sound activated led

Discussion in 'The Projects Forum' started by sharpy, Aug 7, 2010.

  1. sharpy

    Thread Starter Member

    Aug 7, 2010
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    Hoping this is faily simple, I want the build a simple circuit to test an audio output.

    Upon any audio being detected I want the LED to light, fairly simple I hope! I am going to plug this into a headphones output.

    Im a bit of a novice at this, would appricate any help including circuit diagrams, components etc... I can manage the soldering, just [​IMG]


    thanks
    sharpy
     
  2. Externet

    AAC Fanatic!

    Nov 29, 2005
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    At what audio level do you want the led to turn on, and what is the impedance of the headphone output ?
     
  3. sharpy

    Thread Starter Member

    Aug 7, 2010
    10
    0
    approx 60 ohms for the headphones (would happen if this was too low or high? )
    the sounds are from 20dB to 100dB

    does this info help?

    thanks for the reply
     
    Last edited: Aug 7, 2010
  4. Externet

    AAC Fanatic!

    Nov 29, 2005
    758
    57
    Try TWO same color leds connected together in counterparallel to the earphone jack, with no series limiter resistor and be gentle with the volume control until they lit up.
    Red, orange, yellow, green, blue leds will lit up correspondingly in the range from -1 dBu to +4 dBu or 2 to 3.5 Vpp.
     
  5. marshallf3

    Well-Known Member

    Jul 26, 2010
    2,358
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    Not all headphone jacks put out a ton of power, you may need to add a simple buffer circuit using an op amp or transistors. A TL082 op-amp IC would be ideal for this and the circuit woud be a snap to build since the TL082 operates as single or dual supply.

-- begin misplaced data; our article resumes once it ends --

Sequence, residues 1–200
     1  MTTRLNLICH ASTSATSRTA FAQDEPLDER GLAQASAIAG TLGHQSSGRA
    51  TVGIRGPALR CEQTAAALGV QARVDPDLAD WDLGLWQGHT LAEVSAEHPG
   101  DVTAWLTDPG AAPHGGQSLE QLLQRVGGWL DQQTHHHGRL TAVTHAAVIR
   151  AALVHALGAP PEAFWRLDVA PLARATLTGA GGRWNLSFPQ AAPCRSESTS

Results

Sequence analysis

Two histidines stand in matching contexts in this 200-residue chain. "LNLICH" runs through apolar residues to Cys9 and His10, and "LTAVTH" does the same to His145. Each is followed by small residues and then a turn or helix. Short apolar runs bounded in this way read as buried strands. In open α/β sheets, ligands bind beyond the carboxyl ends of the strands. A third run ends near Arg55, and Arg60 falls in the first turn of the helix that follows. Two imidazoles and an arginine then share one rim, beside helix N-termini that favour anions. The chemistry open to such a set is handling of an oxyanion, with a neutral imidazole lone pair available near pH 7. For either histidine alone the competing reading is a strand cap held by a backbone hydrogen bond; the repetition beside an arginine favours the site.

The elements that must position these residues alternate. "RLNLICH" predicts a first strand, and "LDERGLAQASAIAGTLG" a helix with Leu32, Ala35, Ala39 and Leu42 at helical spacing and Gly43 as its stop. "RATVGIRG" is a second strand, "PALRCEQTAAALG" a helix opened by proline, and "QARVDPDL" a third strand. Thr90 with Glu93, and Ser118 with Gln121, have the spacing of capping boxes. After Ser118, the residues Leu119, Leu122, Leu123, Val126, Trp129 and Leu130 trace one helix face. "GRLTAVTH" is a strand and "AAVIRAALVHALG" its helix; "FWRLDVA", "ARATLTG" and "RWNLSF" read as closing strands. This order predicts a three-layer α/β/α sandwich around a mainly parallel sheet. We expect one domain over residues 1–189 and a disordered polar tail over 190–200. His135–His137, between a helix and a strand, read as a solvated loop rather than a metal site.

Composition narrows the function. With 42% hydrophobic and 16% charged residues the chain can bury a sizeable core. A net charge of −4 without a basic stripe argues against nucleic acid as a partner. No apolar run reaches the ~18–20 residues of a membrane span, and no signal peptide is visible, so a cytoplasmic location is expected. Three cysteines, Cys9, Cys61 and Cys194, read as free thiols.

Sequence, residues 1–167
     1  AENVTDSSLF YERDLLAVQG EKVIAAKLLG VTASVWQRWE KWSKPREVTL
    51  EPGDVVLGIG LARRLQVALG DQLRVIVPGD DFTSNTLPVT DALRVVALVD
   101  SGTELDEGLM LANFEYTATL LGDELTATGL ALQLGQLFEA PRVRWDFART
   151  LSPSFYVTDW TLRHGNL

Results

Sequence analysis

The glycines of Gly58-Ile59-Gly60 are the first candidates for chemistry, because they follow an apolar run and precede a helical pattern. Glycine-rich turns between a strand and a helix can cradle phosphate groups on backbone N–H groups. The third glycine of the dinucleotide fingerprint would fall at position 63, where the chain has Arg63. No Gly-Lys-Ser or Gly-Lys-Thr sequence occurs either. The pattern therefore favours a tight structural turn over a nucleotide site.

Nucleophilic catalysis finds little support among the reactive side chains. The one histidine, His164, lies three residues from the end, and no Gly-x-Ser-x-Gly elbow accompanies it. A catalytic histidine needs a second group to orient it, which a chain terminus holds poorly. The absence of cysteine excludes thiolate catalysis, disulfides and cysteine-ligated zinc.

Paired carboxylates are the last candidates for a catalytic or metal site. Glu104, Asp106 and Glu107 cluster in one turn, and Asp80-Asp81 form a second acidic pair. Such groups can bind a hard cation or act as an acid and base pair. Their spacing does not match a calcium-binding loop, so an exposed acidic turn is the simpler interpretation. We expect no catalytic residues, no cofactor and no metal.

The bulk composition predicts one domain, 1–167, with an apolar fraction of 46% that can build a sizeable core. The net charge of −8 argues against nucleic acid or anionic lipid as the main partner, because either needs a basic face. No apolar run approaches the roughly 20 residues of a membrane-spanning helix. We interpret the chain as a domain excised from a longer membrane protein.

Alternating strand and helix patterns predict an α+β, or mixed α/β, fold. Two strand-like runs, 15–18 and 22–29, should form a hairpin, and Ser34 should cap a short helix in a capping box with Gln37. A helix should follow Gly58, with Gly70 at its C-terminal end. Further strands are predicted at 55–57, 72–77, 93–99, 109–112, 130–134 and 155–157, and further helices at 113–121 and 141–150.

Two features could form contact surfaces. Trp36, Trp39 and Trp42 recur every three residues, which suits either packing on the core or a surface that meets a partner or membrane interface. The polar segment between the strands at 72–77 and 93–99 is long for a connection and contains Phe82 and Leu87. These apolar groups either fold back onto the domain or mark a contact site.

Still haven't figure out how to upload pix jhere, or do you just link to something you've put on some webspace?
     
  6. sharpy

    Thread Starter Member

    Aug 7, 2010
    10
    0
    counterparallel, sorry being really dim what do you mean?

    any pics or circuit diagrams re op amps would also be useful, will try the two leds today.
     
  7. Externet

    AAC Fanatic!

    Nov 29, 2005
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    Leds in counterparallel :

    A-------------------------|>|------------------------------B
    A-------------------------|<|------------------------------B

    Both A together to your audio signal; both B to ground
    For stereo, you would need another set, one for L; one for R.
     
  8. Wendy

    Moderator

    Mar 24, 2008
    20,764
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    I have not had a chance to test this idea, but it is something I came up for my LEDs, 555s, Flashers, and Light Chasers article.

    It is something I've been rewriting forever it seems.

    [​IMG]

    R2 sets the minimum level. The idea is this is a flame simulator. I'm planning on using an AM radio.

    .
     
  9. sharpy

    Thread Starter Member

    Aug 7, 2010
    10
    0

    thanks for this, will do some testing tomorrow
     
  10. sharpy

    Thread Starter Member

    Aug 7, 2010
    10
    0

    hi, a few questions

    what component is q1?
    i guess i connect the audio out to the + side of c1?
    and the opp side of r2 and q1 is the 9v battery?
    does the circuit need a ground from the headphone output too?

    thanks
    sharpy
     
  11. Ghar

    Active Member

    Mar 8, 2010
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    There's a paper clip icon in the bar above your post when you go into "advanced" posting mode.
     
  12. Wendy

    Moderator

    Mar 24, 2008
    20,764
    2,534
    Ground is a common lead as well as the negative connection for the battery. This is pretty much a universal electronic convention.

    Q1 is pretty much any conventional NPN transistor. I tend to use a 2N2222A, but it isn't that important.

    Your real problem is mono jacks vs. stereo. You going to have to figure out what you need to do on your side.

    Since you didn't fill out your local on the profile we can only guess what kind of parts you have access to, this is one of the reasons you see us do it.

    You can attach pictures as part of the post, or you can use the albums section AAC offers.

    How to Display Attachments Full Size
     
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